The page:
Impulsive toddler: The ‘terrible twos’ on steroids

I was recently reminded of a story from Joe’s toddlerhood that has more meaning from my vantage point today than it did when it happened. Nine years ago it was just a funny story. Today, I recognize it as a foreshadowing of the ADHD world to come.
Joe was demanding from the womb. I had one of those scary touch-and-go pregnancies, but the outcome was good. Things were difficult his first few months, but about six months in we hit a stride. Joe started smiling at his world, and took it on with a zeal and determination that couldn’t be missed. When he was around, you knew it.
He was walking at 11 months, and my days got even more tiring. When his seriously shy older sister turned 2, I reluctantly enrolled her in a preschool program for two half-days a week for the socialization and confidence-building benefits it would give her. When Joe turned 2, I went to that same preschool and asked how many days a week I was allowed to sign him up for. The maximum was three half-days.
I remember having to gently prepare Nathalie for her start, spending weeks reading books about going to school and talking with excitement about how this meant she was growing into a big girl and was going to make friends and have fun. We visited the school playground more than once so that it became familiar turf. Eventually, Joe was with me each time I dropped his sister off and picked her up. By the time he was old enough to officially attend, he had already laid claim to his school.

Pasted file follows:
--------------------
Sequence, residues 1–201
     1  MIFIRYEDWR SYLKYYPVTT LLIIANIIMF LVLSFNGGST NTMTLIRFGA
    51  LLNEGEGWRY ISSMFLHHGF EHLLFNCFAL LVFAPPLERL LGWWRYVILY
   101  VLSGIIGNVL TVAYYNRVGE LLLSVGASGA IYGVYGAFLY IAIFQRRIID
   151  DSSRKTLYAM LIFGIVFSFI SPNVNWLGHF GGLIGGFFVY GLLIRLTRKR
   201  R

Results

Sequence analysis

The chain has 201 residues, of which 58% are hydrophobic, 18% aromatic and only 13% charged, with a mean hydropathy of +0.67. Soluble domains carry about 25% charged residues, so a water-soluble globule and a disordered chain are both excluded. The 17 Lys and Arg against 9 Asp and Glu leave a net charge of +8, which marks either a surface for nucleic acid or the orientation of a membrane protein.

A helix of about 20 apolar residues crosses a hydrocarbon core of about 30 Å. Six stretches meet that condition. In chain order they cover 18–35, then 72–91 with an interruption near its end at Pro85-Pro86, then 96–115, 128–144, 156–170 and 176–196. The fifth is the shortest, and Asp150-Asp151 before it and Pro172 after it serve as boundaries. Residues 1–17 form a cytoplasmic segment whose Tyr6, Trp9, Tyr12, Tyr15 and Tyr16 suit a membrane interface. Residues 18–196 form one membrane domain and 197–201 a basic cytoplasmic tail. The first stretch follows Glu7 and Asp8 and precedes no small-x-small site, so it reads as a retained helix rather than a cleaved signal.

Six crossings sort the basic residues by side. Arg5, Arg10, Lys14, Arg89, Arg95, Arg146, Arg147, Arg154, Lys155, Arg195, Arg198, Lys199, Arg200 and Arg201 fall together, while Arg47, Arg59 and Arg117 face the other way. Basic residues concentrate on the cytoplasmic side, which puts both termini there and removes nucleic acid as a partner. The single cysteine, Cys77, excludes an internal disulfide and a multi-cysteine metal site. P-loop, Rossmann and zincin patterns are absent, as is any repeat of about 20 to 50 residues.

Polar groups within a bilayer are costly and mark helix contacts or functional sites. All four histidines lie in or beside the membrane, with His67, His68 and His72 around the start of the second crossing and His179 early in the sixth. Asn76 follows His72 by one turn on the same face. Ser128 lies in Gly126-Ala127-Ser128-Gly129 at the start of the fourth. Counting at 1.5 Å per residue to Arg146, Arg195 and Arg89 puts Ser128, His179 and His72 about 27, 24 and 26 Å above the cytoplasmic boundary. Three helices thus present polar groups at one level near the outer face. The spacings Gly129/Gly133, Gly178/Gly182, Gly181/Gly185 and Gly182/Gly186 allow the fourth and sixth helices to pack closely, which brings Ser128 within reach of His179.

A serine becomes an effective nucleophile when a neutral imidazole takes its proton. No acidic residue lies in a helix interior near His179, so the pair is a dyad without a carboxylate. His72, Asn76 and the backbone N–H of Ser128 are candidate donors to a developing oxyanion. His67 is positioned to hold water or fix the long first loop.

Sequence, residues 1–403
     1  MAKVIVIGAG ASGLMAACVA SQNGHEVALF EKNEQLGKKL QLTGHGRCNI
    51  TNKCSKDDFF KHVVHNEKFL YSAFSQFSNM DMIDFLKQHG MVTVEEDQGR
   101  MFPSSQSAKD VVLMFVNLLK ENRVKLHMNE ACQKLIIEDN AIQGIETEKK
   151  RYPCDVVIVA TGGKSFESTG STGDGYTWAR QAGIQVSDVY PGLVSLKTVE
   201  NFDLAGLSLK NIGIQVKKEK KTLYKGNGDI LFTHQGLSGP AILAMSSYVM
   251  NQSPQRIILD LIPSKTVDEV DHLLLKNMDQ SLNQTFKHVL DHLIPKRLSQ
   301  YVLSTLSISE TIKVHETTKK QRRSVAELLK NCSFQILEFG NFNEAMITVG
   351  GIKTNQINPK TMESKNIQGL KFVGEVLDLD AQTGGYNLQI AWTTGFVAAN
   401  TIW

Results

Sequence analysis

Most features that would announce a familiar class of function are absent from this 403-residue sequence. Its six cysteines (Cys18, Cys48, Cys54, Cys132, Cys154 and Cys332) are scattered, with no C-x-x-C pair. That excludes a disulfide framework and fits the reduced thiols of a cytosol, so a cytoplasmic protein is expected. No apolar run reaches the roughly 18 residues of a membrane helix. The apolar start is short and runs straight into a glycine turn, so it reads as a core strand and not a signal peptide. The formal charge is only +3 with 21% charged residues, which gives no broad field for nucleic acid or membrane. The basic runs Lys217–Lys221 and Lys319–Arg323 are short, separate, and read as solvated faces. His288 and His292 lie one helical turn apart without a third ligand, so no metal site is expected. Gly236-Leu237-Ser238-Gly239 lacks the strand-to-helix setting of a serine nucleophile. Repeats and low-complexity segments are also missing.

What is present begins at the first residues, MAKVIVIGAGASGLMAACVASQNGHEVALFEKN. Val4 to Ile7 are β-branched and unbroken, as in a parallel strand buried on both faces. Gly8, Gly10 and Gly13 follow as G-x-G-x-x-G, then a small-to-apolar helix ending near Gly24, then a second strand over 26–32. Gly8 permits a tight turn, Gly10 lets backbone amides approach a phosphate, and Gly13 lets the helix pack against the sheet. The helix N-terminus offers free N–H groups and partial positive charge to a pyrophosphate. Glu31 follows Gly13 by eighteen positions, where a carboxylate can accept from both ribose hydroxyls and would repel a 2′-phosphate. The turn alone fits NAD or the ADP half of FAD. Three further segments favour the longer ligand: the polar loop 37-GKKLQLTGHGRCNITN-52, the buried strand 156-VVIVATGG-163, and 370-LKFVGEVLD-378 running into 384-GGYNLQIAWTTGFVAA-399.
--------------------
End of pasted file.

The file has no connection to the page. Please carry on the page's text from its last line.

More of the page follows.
The only prep I had to do for him was to dig a small red, blue and yellow Dr. Seuss backpack out of the bottom of a closet. It was a freebie with a book order I had made a year or so earlier, but pink-and-purple Nathalie had rejected its primary colors. Joe was pleased as he could be to strap it on his first day. I dropped him off in carpool line, and still have the image of him climbing out of his car seat wearing elastic-waist cargo shorts, a T-shirt and an orange ball cap, loading on the backpack before crawling out the side door of the minivan with a big grin on his face and taking the hand of a school assistant.  
When I picked him up two-and-a-half hours later, his grin was just a big. But instead of seeing the decal of One fish, Two fish recede as he walked away from me, I saw the two yellow shoulder straps snug around the top of his body—and one of them had an envelope attached to it with a large safety pin. As he got closer, I could read, “Mrs. Murphy” written across the front.
Things were too hectic in carpool line to worry about the envelope; plus I wanted to greet Joe and talk about his first day. I remember his response to nearly every question was “Great!”  He’d had a great day.
When we got home and unloaded, I unpinned the envelope and opened it. Inside was a note from Mrs. Daugherty saying that Joe had bit a classmate at the rice table. He’d left bite marks on the child’s arm but there was no broken skin. Joe received a brief time out, and the students talked at circle time about more appropriate ways to express themselves and how to be a good friend.